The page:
Born into an acting family, David Cassidy’s destiny to follow in his dad Jack’s celebrated acting and singing footsteps was probably inevitable. What could not have been foreseen was the storm of teenage passion that was to elevate the young star into a 1970s’ scream idol.
The path to teenage adulation started when David was cast, at the age of 19, in the hit TV series The Partridge Family.
He had turned to acting straight out of school and had bit parts on Broadway and appearances in American TV shows like Marcus Welby, MD and Ironside. But it was the wholesome role of Keith Partridge that was to catapult him into a maelstrom of teenage hormones and eventually lead to him withdrawing from the music world.
Dad, Jack Cassidy, had divorced David’s mum, Broadway actress Evelyn Ward, and married Oklahoma and Carousel musical star Shirley Jones. By 1970 David’s step-mum had been signed up to play the widowed Shirley Partridge who heads a family rock band touring the States in their block-coloured bus. David played the cute front-man with a love interest in nearly every episode. The Partridge Family was an immediate hit with teenage girls both sides of the Atlantic clamouring for a piece of the handsome heart-throb.
Albums followed and soon chart success beckoned for the fictional family, with their first hit, I Think I Love You, selling over five million copies. David sang lead vocals and together with his step-mum they were the only two of the fictional group to actually sing on the albums.
Now David was performing on screen by day and working at weekends doing solo concerts to screaming teenage girls who plastered their bedroom walls with his posters and bought anything with his face advertising their products. He had become one of the most screamed-at stars since Elvis and the gold discs rolled in while he lived a life often hidden under a blanket.
Girls didn’t just want to kiss his posters goodnight, they also wanted a piece of the superstar if they could get close enough to the real thing.
When The Partridge Family was shown in the UK a fresh teenybopper storm was unleashed and the demands to see him perform in the flesh grew. His fan club was bigger than that of Elvis and between 1972 and 1974 he notched up seven UK top 20 hits, including the number one Daydreamer. Sandwiched between The Osmonds heyday and the rise of the Bay City Rollers his success seemed unassailable but in 1974 while touring Britain he announced he was to stop performing and that his concerts in Glasgow, White City and Manchester would be his last.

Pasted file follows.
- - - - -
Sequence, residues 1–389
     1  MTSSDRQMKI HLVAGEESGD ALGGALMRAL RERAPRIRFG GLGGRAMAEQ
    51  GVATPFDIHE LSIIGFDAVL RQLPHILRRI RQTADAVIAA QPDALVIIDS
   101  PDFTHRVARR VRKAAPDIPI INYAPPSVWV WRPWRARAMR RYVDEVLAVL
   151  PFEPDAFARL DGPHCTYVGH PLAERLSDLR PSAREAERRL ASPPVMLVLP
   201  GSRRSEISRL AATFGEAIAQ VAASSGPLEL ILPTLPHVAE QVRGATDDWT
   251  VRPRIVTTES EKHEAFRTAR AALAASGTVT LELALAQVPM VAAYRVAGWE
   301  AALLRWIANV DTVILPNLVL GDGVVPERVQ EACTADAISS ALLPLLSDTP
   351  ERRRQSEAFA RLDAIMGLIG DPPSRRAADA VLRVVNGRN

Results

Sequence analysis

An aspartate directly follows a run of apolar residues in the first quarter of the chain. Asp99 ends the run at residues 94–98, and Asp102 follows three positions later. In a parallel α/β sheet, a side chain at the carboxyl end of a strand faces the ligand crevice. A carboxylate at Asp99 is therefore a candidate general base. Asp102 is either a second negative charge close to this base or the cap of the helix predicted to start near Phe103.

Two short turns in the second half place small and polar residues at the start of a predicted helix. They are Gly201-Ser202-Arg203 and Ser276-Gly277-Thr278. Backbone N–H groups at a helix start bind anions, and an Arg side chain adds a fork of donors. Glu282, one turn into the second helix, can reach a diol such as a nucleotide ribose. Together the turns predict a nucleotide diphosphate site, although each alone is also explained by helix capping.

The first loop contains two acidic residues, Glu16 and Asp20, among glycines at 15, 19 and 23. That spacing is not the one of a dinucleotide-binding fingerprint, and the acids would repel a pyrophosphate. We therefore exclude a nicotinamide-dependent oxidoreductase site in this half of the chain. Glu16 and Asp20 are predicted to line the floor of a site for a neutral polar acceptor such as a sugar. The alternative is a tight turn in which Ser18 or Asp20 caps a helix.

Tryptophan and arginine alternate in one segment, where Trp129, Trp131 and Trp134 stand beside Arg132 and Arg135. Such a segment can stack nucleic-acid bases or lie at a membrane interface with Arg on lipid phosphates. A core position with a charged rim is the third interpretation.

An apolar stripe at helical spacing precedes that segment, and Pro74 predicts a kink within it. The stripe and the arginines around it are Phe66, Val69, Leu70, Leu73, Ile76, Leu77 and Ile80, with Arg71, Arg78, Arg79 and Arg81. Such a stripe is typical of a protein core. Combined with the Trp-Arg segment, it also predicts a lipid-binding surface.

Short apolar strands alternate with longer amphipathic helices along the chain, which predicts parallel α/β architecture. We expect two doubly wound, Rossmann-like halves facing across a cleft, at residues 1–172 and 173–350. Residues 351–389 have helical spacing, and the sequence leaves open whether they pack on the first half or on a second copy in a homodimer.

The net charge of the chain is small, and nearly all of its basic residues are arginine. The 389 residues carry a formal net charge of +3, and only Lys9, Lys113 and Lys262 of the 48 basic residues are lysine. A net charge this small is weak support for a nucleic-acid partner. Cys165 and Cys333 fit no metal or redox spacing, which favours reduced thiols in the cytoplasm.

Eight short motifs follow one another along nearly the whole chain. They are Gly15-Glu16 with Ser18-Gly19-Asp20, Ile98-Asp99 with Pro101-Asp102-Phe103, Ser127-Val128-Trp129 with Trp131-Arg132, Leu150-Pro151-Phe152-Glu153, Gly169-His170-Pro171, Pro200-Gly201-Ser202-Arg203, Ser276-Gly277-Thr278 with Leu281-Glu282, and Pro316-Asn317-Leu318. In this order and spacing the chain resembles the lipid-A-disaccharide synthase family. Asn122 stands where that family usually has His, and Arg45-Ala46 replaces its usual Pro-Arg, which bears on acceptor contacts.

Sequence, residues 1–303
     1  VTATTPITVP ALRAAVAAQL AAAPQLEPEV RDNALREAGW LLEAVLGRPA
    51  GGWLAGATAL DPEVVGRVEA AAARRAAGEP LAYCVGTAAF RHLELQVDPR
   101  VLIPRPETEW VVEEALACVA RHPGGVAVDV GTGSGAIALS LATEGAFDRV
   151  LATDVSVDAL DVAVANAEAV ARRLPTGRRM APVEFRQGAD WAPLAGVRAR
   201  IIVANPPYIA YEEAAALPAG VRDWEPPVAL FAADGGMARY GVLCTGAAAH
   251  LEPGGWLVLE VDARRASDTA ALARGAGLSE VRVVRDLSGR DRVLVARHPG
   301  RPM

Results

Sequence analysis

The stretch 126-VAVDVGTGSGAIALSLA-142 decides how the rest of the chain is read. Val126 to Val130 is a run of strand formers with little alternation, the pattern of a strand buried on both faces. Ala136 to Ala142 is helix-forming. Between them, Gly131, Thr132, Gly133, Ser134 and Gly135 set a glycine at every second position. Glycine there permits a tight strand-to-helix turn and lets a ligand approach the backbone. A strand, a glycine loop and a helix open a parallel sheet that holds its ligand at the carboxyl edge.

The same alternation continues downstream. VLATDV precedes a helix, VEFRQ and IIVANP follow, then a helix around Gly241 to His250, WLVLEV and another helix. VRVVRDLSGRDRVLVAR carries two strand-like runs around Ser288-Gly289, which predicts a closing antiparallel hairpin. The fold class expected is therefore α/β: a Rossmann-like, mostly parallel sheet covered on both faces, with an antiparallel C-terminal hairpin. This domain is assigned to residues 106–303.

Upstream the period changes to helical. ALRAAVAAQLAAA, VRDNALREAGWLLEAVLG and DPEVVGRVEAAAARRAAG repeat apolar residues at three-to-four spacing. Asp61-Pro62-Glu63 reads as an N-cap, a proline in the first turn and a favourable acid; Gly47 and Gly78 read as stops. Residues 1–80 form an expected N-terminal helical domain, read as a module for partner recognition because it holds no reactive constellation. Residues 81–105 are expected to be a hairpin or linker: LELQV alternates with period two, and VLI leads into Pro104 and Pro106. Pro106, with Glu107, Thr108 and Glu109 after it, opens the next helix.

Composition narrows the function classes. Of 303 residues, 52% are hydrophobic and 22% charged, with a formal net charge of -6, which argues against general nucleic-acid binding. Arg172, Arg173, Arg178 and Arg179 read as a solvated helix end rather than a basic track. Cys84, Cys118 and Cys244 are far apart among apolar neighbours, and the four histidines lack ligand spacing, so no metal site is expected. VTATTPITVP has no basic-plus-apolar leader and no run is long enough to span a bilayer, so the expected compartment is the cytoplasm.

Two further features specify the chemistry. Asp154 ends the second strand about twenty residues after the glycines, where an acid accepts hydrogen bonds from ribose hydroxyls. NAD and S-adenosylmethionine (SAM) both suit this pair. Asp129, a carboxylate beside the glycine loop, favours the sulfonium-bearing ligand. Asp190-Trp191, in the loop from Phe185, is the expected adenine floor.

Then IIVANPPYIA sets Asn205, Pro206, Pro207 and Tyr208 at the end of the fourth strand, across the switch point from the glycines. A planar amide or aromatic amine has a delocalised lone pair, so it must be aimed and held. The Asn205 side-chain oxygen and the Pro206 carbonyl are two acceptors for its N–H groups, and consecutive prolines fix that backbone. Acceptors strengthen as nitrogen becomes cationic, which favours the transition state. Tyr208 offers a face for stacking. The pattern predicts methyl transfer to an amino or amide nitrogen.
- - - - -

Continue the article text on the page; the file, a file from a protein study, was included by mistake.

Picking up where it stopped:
The star told reporters he was ‘burnt up inside’ and that at just 24 years old he was ‘in a position millions dream of but the truth is I just can’t enjoy it’.
His arrival in the UK provoked a sensation with hordes of hysterical fans waiting at the airport for their idol and then besieging his hotels just for a glimpse of the star being jostled into a blacked-out limousine. They sobbed and screamed whenever he appeared but tragedy struck during the 1974 tour of Britain.
The evening performance at London’s White City Stadium on May 26 was to prove a disaster with a surging crowd of teenyboppers pushing forward to see their dream idol. A vast 35,000 capacity sports arena, originally built to house the 1908 London Olympics, was the venue. From early afternoon the stadium had been under siege. Girls queued around the building waiting to be allowed inside while those who had no tickets waited in hope.
Inside it was wall-to-wall screaming amid a sea of satin scarves and raised banners proclaiming David devotion forever. But the frenzied clamour reached new heights as David appeared on stage. A surge towards the stage from the crowd resulted in up to 1,000 fans needing medical attention. One 14-year-old girl died a few days later in hospital as a result of the crush.
The concert was stopped but later resumed with David having no idea of the magnitude of the incident. White City was never again used for a major concert and was demolished in the mid 1980s.
David was left shaken and now retreated from his overwhelming fame and popularity while he was still at the top. The final blow for his adoring young fans came when he married actress Kay Lenz in 1977 and retired from showbusiness to live in Hawaii.
He later admitted he was plagued by insomnia and haunted by the tensions of his former stardom. David later said being a teen idol had been a ‘living hell’. He revealed ‘I had become a freak attraction to the kids. My world was a hideous fantasy’.
And while his song asked Could It Be Forever? the answer was a rather sad no.
Words: Christine Curtis
Find out more about other stars from your childhood in the latest copy of Yours Retro